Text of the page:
Ten top stories on all things audio, beginning with three features from the May 18 New York Times Sunday Book Review:
Acting the Part by John Schwartz features celebrity memoirs by Rob Lowe’s Love Life (Simon and Schuster), Rosie Perez’s Handbook for an Unpredictable Life: How I Survived Sister Renata and My Crazy Mother, and Still Came Out Smiling (With Great Hair) (Random House), Diane Keaton’s Let’s Just Say It Wasn’t Pretty (Random House), and Judy Greer’s I Don’t Know What You Know Me From: Confessions of a Co-Star (Random House).
The Long, Long Road Ahead by Adam Hochschild focuses on eight audiobooks about World War I: Catastrophe 1914 (Blackstone Audio), The Guns of August (Blackstone Audio), The War that Ended Peace (Random House Audio), The Pity of War (Audible), July 1914 (Audible), The First World War (Random House Audio), The Face of Battle (Blackstone Audio), World War One (Audible).
Talk of the Town by Charles McGrath reviews two new audiobooks about 20th Century New York City: John O’Hara’s New York Stories (Penguin Audio) and Truman Capote’s Breakfast at Tiffany’s (Brilliance Audio).
The NYT also put a spotlight on audio May 1st in Diane Keaton: By the Book, where Keaton gives a shout-out to her love of audiobooks that begins, “I was slow to read. At first, reading was something that needed illustration. Reading was best spoken out loud. Some things never change. For example, I love to listen to audiobooks, particularly on road trips…”
USA Today shares author Jane Green’s observations on narrating her own audiobooks, including her Tempting Fate ( ) in Jane Green on (Not Awfully) Narrating Her Own Audio Books by Joyce Lamb.
Audiobooks are in the news in the UK, with The Independent providing an in-depth look at the work of professional narrators and the shift to digital production in both the UK & US in The Sound and the Story: The Rise of the Audiobook by Simon Usborne.
Audiobooks Live @ Your Library – one of my “Voices in My Head” columns – comes to life in the Darien Daily Voice article Darien Library Offers Behind-The-Scenes Look At Audiobooks by Crystal D’Sa about a public program featuring Dan Zitt, vice president at the Penguin Random House Audio Publishing Group, and actors/narrators Tavia Gilbert and Dennis Boutsikaris.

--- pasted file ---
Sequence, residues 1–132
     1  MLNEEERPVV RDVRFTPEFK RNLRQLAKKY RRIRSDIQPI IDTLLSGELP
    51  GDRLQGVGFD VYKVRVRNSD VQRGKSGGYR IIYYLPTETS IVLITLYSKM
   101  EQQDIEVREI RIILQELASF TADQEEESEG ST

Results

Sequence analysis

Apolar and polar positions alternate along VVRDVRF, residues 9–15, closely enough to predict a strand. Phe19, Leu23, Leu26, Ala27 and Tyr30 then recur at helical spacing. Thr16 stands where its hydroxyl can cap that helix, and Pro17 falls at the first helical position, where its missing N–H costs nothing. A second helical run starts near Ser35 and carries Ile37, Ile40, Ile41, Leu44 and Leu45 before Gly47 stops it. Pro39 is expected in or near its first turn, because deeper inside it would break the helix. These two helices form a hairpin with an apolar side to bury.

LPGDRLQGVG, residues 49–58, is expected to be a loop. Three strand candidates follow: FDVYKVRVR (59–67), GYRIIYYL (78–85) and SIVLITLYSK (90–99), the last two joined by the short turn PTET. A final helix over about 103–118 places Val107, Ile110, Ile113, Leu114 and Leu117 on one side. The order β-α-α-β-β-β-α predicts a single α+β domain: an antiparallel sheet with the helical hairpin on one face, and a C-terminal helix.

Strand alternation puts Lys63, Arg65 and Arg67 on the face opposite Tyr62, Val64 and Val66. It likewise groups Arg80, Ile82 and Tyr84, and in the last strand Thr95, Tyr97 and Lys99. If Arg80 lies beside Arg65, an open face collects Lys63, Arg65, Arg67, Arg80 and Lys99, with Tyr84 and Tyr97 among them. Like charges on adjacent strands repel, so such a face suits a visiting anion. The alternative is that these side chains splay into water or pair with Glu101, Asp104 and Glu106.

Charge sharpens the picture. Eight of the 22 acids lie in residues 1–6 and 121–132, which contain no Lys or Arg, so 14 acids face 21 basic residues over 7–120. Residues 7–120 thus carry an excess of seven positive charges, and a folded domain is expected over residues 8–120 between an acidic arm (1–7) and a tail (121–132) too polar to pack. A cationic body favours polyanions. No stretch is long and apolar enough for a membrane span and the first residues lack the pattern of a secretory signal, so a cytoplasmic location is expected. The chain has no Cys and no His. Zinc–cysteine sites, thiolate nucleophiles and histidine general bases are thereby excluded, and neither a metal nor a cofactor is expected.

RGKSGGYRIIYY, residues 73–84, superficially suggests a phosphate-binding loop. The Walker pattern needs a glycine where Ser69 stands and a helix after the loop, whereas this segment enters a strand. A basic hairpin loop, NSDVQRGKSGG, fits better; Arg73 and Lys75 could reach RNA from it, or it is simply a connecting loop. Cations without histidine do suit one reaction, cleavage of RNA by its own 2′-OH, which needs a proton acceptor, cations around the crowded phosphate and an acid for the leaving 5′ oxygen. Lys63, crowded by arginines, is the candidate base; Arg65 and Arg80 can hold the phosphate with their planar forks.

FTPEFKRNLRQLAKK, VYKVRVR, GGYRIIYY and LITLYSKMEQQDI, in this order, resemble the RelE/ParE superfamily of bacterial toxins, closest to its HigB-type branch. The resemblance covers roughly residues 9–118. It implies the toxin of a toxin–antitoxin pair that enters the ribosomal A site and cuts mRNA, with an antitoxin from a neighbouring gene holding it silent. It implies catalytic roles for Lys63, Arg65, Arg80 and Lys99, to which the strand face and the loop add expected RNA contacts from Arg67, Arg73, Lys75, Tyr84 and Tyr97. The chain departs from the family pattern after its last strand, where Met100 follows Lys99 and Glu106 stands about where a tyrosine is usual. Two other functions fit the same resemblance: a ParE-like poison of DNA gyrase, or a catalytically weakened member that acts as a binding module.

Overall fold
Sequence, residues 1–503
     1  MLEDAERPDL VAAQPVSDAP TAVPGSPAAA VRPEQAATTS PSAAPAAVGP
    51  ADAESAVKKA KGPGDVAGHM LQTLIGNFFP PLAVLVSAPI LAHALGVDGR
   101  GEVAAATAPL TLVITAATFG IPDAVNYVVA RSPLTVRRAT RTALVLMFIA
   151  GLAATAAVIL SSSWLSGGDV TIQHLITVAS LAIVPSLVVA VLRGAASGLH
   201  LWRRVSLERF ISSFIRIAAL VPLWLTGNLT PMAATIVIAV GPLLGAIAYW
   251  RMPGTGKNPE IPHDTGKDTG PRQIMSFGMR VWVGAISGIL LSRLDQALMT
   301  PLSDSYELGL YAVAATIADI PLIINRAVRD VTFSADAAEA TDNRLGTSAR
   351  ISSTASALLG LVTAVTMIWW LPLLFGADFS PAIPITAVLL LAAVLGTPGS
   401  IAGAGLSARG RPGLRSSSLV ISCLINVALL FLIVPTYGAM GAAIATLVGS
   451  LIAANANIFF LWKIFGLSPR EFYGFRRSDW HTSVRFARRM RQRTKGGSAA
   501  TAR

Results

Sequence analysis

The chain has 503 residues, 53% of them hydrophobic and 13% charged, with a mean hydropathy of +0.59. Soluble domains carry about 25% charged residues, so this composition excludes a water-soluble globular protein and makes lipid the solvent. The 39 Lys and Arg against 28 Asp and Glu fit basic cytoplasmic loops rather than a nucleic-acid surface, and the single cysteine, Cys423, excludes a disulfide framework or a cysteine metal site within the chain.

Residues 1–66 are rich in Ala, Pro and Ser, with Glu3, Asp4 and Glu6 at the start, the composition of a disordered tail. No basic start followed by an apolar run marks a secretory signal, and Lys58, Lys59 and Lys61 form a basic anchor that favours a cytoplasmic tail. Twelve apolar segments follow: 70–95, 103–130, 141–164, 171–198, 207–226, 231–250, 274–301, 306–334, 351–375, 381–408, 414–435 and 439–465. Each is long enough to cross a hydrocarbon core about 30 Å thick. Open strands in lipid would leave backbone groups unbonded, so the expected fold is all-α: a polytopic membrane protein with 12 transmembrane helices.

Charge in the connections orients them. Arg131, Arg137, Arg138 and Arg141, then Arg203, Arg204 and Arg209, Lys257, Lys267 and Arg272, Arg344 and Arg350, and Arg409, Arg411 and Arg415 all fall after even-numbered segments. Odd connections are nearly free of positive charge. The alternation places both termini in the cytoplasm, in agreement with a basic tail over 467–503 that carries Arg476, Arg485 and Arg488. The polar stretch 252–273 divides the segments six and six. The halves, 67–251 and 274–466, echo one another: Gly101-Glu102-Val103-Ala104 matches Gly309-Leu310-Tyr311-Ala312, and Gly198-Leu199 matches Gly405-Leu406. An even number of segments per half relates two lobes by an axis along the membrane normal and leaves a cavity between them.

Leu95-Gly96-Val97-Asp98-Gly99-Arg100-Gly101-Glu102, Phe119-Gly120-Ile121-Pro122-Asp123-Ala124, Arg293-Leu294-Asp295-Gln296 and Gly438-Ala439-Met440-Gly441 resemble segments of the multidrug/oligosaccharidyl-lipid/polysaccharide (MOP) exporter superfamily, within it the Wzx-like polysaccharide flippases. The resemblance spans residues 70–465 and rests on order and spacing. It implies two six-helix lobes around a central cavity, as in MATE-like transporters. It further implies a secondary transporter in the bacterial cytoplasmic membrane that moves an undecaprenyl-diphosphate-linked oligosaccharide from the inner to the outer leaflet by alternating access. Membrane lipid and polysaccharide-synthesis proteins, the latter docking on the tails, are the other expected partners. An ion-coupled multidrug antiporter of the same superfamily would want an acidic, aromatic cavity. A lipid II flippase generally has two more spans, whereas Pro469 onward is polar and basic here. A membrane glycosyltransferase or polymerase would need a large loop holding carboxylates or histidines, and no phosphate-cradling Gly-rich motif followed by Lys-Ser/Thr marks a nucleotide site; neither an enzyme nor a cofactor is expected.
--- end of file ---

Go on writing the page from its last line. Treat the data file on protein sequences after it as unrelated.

The Library of Congress announces a new blog of interest for audiophiles: Now See Hear! The National Audio-Visual Conservation Center Blog. The LOC’s Mike Mashon says the “National Audio-Visual Conservation Center…preserves and makes accessible more audiovisual content than any other archive in the world, and we’re very excited by the prospect of using this blog to share our riches with a wider audience.” You can learn a bit about audiobooks preserved by the LOC in the first chapter of my book Audiobooks for Youth: A Practical Guide to Sound Literature, which you can read as an excerpt here.
The BookRiot website gives an inside look at the upcoming May 30th Audies celebration of the best of audiobooks in How the Audies Literally Turned into the Oscars of the Audiobook World by Rachel Smalter Hall. I’ll be attending the Audies and will immediately post the winners of the 29 award categories as well as the Audiobook of the Year and the winner of Distinguished Acheivement in Production Award.
On the Huffington Post blog, Tom Alderman discusses the benefit of perfect audio narrator casting, such as “Barbara Rosenblat voicing Elizabeth Peters,” and – OUCH! – names names as he slams the pitfalls of miscasts, wrong voice, or those who need firm direction in When the Eye Is Better Than the Ear.
I’m keeping my fingers crossed for even more audiobook news in the media as we head into “June is Audiobook” month. Stay tuned for more #audiomonth round-ups coming soon!